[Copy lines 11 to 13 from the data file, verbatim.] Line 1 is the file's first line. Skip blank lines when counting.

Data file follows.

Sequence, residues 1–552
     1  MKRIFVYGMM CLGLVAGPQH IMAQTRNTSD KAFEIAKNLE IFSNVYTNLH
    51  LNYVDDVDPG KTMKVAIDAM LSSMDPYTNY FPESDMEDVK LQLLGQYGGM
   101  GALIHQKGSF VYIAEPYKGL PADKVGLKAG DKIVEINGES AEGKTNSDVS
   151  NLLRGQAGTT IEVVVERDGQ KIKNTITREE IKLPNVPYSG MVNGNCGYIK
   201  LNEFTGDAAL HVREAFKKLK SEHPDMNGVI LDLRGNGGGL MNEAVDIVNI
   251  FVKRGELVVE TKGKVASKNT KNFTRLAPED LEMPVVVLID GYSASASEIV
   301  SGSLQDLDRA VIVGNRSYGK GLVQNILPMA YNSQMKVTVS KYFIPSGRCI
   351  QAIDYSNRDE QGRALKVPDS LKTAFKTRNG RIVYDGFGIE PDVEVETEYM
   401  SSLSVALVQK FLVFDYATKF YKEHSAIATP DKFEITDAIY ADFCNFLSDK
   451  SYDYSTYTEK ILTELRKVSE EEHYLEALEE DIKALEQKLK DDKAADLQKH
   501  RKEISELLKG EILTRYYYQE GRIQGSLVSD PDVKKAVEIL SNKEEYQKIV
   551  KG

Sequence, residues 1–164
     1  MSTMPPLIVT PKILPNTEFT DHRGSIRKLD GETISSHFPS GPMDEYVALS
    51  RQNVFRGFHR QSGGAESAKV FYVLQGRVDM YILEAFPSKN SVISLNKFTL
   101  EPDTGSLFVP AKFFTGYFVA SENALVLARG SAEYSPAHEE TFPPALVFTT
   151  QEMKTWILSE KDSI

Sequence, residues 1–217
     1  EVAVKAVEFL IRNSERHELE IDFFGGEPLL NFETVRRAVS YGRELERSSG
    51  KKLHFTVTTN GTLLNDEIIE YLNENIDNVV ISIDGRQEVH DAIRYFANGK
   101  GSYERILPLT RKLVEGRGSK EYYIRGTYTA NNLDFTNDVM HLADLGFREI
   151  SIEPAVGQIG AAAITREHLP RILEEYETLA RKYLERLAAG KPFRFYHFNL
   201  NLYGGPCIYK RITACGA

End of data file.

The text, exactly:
   451  SYDYSTYTEK ILTELRKVSE EEHYLEALEE DIKALEQKLK DDKAADLQKH
   501  RKEISELLKG EILTRYYYQE GRIQGSLVSD PDVKKAVEIL SNKEEYQKIV
   551  KG